Michael Gove has backtracked on plans to introduce full border checks with the EU when the Brexit transition period ends, and defied warnings that it would be “extraordinarily reckless” not to request an extension.
The Cabinet Office minister formally told the EU on Friday that the UK would not ask for a delay despite concerns the departure would compound the economic chaos inflicted by the coronavirus pandemic.
The Chancellor of the Duchy of Lancaster said “the moment for extension has now passed” despite a stark warning from the first ministers of Scotland and Wales that the move would lead to “avoidable” business closures and redundancies.
The move came as the UK economy contracted by more than a fifth in the first full month of lockdown, as shops and factories closed and workers were sent home to slow the virus’s spread.
The Office for National Statistics said that economic activity was down by 20.4% in April, the largest drop in a single month since records began in 1997, and worse than many experts were forecasting.
After Mr Gove met with European Commission vice president Maros Sefcovic, the Cabinet Office said a “flexible and pragmatic approach” would now see border checks between Britain and the EU introduced in three stages.
“We have informed the EU today that we will not extend the transition period. The moment for extension has now passed,” Mr Gove said.
“At the end of this year, we will control our own laws and borders, which is why we are able to take the sovereign decision to introduce arrangements in a way that gives businesses impacted by coronavirus time to adjust.”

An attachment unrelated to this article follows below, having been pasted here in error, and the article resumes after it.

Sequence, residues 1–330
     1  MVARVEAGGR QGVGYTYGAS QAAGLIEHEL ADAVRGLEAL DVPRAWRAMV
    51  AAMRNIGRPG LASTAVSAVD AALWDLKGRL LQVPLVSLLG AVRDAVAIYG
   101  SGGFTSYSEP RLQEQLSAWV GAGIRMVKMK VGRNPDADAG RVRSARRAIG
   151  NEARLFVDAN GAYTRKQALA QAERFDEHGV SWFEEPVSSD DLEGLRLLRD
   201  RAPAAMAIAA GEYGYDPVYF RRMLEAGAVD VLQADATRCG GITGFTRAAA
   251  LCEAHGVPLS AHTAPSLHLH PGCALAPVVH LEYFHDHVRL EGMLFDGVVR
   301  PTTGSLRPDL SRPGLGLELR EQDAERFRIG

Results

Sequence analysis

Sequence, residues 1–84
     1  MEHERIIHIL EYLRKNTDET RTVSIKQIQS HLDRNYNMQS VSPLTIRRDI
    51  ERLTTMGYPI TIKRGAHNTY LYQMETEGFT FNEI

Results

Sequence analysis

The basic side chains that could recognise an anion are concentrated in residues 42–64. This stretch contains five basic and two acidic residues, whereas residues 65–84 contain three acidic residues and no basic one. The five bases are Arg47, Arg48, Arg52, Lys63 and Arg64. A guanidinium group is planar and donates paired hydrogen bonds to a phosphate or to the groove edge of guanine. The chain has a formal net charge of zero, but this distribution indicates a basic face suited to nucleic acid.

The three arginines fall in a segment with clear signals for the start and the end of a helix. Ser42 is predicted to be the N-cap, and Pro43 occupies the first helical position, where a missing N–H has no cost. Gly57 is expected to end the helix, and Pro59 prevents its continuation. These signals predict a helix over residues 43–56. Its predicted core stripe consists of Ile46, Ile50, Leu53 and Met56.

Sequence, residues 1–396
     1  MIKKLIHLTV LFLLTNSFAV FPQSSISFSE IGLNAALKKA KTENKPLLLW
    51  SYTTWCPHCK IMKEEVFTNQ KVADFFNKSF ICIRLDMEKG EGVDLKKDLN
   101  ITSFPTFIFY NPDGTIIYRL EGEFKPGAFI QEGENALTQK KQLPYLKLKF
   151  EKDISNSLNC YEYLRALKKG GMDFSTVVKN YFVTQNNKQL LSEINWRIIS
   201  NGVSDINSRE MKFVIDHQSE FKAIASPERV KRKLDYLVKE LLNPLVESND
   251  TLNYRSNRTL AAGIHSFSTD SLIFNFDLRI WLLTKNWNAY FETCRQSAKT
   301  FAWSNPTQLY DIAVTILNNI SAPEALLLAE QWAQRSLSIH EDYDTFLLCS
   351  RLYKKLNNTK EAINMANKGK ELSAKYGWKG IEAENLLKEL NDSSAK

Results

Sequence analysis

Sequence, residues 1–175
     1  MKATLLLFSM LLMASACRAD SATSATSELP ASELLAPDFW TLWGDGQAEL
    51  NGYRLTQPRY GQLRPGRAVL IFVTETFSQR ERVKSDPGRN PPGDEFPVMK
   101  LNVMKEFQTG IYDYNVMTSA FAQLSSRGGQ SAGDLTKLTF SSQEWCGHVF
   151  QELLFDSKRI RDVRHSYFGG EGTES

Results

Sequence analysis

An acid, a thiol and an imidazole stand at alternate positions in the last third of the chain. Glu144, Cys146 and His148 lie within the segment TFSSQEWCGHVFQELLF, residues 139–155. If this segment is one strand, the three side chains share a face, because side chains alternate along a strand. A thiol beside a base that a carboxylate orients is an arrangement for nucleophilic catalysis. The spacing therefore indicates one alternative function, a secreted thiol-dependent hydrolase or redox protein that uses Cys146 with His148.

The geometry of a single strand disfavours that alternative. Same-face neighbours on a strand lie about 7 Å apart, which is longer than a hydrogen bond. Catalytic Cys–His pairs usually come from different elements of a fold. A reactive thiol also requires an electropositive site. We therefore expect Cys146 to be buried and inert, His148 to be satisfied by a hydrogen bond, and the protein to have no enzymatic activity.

Scotland’s Nicola Sturgeon and Wales’s Mark Drakeford wrote to Boris Johnson calling for an extension past January 1, saying: “We believe that exiting the transition period at the end of the year would be extraordinarily reckless.
“It would pile a further very significant economic and social shock on top of the Covid-19 crisis, hitting businesses whose reserves in many cases have already been exhausted, leading to more business closures and redundancies,” they said.
“But in this case, the shock would be avoidable.”
From January, tariffs will need to be paid on all imports and traders importing standard goods must prepare for basic custom requirements and will have up to six months to complete customs declarations.
From April, meat, dairy and other animal and regulated plant products will require pre-notification and relevant health documentation.
In July 2021, traders will have to make declarations at the point of importation and pay tariffs.
The Confederation of British Industry said the phased introduction was a “sensible and pragmatic” move.
The Cabinet Office said the approach does not apply to Northern Ireland, which is covered by the Withdrawal Agreement, and that a £50 million support package would boost the capacity of customs intermediaries.
UK sources were keen to depict Mr Gove’s meeting as the last formal opportunity to request an extension to the transition period, as it is the last scheduled meeting of the joint committee before the July 1 deadline.
But both sides can agree to hold another such meeting, where under the Withdrawal Agreement a delay could be asked for.
A virtual summit between the Prime Minister and EU chief Ursula von der Leyen to try to break the deadlock in trade negotiations has been scheduled for Monday.
The negotiating teams have also agreed to “an intensified timetable” for July, with possible discussions in person if public health guidelines enable them during the coronavirus pandemic.